I studied that new tree of life for a while. It leaves me wondering how much is empirical observation and how much is conjecture. I would much rather see the imaginary parts removed and only the dots plotted. As one involved in bioinformatics, I know that one must be very careful to avoid ‘fitting’ the dots into a pre-conceived pattern. Would could just as easily (perhaps even more easily) fit the dots into clusters representing the various ‘kinds’ of life. My own perspective is that life should be mapped out in clusters of dots; leave out everything else for which there is no empirical evidence for. As my Ph.D. supervisor used to say, ‘If you haven’t got the data, don’t ‘suggest’ it in your paper.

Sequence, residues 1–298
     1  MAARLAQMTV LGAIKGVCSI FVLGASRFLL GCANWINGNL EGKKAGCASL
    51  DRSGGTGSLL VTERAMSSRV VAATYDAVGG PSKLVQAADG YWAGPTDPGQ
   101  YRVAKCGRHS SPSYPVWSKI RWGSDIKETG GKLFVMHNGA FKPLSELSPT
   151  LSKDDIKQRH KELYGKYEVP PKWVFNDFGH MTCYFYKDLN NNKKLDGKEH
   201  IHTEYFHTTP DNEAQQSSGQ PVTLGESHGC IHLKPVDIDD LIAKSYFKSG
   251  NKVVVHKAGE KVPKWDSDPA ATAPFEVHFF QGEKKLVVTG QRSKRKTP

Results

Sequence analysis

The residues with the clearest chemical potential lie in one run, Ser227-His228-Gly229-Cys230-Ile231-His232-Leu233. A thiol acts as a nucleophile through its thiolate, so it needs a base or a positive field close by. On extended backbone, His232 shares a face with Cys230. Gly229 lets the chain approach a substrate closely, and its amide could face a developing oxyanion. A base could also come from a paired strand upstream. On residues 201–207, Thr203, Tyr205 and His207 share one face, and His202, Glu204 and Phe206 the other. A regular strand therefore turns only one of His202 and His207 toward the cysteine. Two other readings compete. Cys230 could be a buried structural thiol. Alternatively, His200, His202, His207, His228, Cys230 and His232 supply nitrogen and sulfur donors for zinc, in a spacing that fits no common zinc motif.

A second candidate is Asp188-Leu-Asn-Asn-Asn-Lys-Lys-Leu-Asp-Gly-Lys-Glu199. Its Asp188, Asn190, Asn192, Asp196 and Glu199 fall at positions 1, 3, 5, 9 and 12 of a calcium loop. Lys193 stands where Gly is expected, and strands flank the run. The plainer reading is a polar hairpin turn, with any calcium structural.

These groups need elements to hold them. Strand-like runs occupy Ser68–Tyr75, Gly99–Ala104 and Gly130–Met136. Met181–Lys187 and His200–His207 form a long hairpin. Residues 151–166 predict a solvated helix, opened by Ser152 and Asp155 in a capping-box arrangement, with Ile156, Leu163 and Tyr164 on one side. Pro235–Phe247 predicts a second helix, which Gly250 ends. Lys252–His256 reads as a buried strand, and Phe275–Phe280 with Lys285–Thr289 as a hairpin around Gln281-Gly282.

But Kirk, not a Darwinian, was stuck with bare facts, not a grand narrative that everyone earns in school.
Meanwhile, from the New York Times,
Patrick Forterre, an evolutionary biologist at the Pasteur Institute in France, agreed that bacteria probably make up much of life’s diversity. But he had concerns about how Dr. Banfield and her colleague built their tree. He argued that genomes assembled from DNA fragments could actually be chimeras, made up of genes from different species. “It’s a real problem,” he said.
Oh, maybe not.
Picture a compost heap instead of a tree, and we’re good.
See also: Probability Mistakes Darwinists Make: Part I
Taxonomists savage their dead We knew speciation was a mess, just not that it was such a vicious mess.